The State of Britain

The East of England one of only three regions to see a drop in average earnings and East Anglia a transition region under a new EU definition

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Growth in the East of England was 1.2% in the year to June 2019, which ranked the region tenth (out of twelve UK ‘regions’) according to estimates from ESCoE. The drop from the previous quarter’s growth of 1.6% suggests the region’s economy is contracting. At 2.3%, London had the best performance with Northern Ireland at 1% the worst. The national growth rate for the same period was 1.5%. With the UK economy contracting by 0.2% in the quarter, falling growth in the East of England reflects this and is similar to other regional economies which have also shrunk.

Unemployment in the East of England increased by 1,000 to 95,000 between April and June, leaving the rate unchanged at 2.9%, the joint second lowest rate in the UK. The South West had the lowest unemployment rate at 2.7%, the North East had the highest at 5.3% with the UK rate at 3.9%. The South West also had the highest employment rate at 80.5% which compared with the East of England at 79.2%, UK rate of 76.1% is the joint highest since comparative records began in 1971.

In June, the East of England was one of only three regions to see a drop in average earnings; from £674 to £653 per week. London had the highest average earnings of £831; the North East had the lowest at £537. In the UK average earnings grew by 3.7% or by 1.8% after inflation.

The East of England’s average property price ticked up during the month, the 0.5% rise to £291,370 meant annually prices increased by 0.7%. In comparison UK prices grew by 0.7% to £230,292 during June which left the annual growth rate unchanged at 0.9%.

On transport, Uttlesford District Council has voted to revisit plans approved by the previous Conservative administration to increase Stansted’s passenger volume to 43m per year from 38m. In June, the government published a Tourism Sector Deal including the opportunity for regions to bid to become one of five Tourism Zones. The zones would focus on increasing productivity in the visitor economy by investing in skills and extending the tourism season. Visit East of England said thousands of jobs could be put in jeopardy by the new delay to expand passenger numbers at the airport.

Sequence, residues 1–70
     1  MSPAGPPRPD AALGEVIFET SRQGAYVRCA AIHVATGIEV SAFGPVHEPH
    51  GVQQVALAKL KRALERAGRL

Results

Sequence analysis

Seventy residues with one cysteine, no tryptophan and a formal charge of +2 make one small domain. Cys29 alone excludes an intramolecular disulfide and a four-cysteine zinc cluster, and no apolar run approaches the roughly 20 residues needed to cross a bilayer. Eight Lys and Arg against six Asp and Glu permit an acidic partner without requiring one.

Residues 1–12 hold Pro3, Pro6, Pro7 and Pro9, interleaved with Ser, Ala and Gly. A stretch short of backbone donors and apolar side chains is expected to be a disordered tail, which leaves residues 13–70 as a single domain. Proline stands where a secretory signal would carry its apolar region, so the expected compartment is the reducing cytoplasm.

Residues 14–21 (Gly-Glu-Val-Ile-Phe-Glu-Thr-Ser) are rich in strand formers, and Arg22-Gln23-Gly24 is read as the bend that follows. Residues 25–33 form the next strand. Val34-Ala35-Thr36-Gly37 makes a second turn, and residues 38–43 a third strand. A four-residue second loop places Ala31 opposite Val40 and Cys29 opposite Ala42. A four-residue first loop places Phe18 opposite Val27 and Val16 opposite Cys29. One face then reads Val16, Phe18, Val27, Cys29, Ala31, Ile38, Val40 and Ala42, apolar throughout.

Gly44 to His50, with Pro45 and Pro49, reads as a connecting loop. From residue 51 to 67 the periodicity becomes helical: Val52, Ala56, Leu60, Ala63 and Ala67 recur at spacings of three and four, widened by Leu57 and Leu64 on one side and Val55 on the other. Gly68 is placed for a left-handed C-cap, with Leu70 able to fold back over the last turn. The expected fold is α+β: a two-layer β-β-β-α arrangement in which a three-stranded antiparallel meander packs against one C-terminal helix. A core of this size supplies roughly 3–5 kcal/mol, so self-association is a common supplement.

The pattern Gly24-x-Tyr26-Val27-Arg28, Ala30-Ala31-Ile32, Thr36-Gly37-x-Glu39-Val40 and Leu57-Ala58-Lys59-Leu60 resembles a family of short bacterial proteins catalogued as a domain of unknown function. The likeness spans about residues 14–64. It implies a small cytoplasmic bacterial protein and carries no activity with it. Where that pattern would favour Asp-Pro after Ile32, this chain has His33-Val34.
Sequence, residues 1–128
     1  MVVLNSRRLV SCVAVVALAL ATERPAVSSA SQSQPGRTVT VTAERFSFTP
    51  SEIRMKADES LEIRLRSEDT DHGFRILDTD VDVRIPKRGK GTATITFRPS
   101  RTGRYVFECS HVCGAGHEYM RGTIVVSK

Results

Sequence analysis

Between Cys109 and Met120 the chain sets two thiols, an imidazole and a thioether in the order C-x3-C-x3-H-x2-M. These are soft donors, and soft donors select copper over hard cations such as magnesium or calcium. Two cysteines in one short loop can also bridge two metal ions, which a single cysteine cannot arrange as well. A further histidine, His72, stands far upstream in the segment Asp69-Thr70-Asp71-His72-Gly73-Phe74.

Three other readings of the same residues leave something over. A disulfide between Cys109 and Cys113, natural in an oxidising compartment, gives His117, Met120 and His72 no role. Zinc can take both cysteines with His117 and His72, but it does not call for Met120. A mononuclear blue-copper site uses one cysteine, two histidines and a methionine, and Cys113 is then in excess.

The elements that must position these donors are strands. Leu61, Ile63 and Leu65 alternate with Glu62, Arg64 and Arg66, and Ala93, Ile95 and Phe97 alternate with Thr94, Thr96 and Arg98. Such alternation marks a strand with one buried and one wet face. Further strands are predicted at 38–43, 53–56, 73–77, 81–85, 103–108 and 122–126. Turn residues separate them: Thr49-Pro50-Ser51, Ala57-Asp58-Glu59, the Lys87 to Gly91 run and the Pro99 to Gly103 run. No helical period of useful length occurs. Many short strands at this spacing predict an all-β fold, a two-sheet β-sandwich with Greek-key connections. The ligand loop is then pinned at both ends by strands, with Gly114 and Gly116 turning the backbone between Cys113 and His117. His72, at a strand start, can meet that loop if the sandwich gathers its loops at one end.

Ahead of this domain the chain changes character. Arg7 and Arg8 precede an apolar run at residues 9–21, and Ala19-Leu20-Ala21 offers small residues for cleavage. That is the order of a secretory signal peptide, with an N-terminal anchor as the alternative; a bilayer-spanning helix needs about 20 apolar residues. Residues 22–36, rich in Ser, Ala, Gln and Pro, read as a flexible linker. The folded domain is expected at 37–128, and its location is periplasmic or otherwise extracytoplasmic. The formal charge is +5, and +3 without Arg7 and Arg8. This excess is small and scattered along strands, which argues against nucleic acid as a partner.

Four hundred jobs have been lost at 2 Sisters Food Group’s site in Witham, Essex, with 102 staff redeployed to other sites in Norfolk and Suffolk. 2 Sisters supplies chickens to most of the UK’s major supermarkets.

On infrastructure, regional transport body, England’s Economic Heartland, has recommended that the Government invests in 11 road schemes from Swindon to Cambridge at a cost of more than £700m. The road schemes include, widening the Bedford western bypass, the Aylesbury Eastern Link Road and the A10, Ely to Cambridge. Also recommended are junction changes on the A10, Ely to Cambridge and a new junction at the A1139 University Centre, Peterborough. The recommendations form part of the Oxford to Cambridge arc strategy – as outlined by the National Infrastructure Commission – which also includes the re-opening of the previously closed Oxford to Cambridge railway and building 1m new homes.

A report by an All-Party Parliamentary Group (‘APPG’) of MPs which looks at Post-Brexit Funding for the nations and regions has found that the UK would receive additional EU funding in the 2021-27 spending round. Three additional sub-regions, Lincolnshire, South Yorkshire and Tees Valley & Durham are likely to slip below the threshold of 75% EU average GDP per head that would qualify them for ‘less developed region’ status, but no region of the East of England has yet fallen below this level.

Additionally, the EU has proposed that ‘transition region’ status should be extended to cover all regions with a GDP per head between 75-100 per cent of the EU average, compared to 75-90 per cent at present. Seven additional sub-regions are likely to slip below the threshold of 100% EU average GDP per head, qualifying them for ‘transition region’ status. East Anglia falls into this category, as well as East Wales, Greater Manchester, Leicestershire, Rutland & Northamptonshire, Outer London South, North Yorkshire and South Western Scotland. It is not clear how much extra funding these areas would have received from the EU, but €50 per head over the next EU spending round would equate to £560m.

The UK government has promised to replace EU funding to the regions with a new UK Shared Prosperity Fund. If the new sub regions are added, the APPG calculates this amounts to c£1.8bn pa, on top of the c£2.2bn pa already committed as part of Local Growth Fund. Integrating the Local Growth Fund into the UK Shared Prosperity Fund could be problematic. The Local Growth Fund allocates funding to LEPs via competitive bidding whereas the allocation of EU funds uses a fixed formula. How the Shared Prosperity Fund will mesh with other pots like the City Deals is yet to be determined.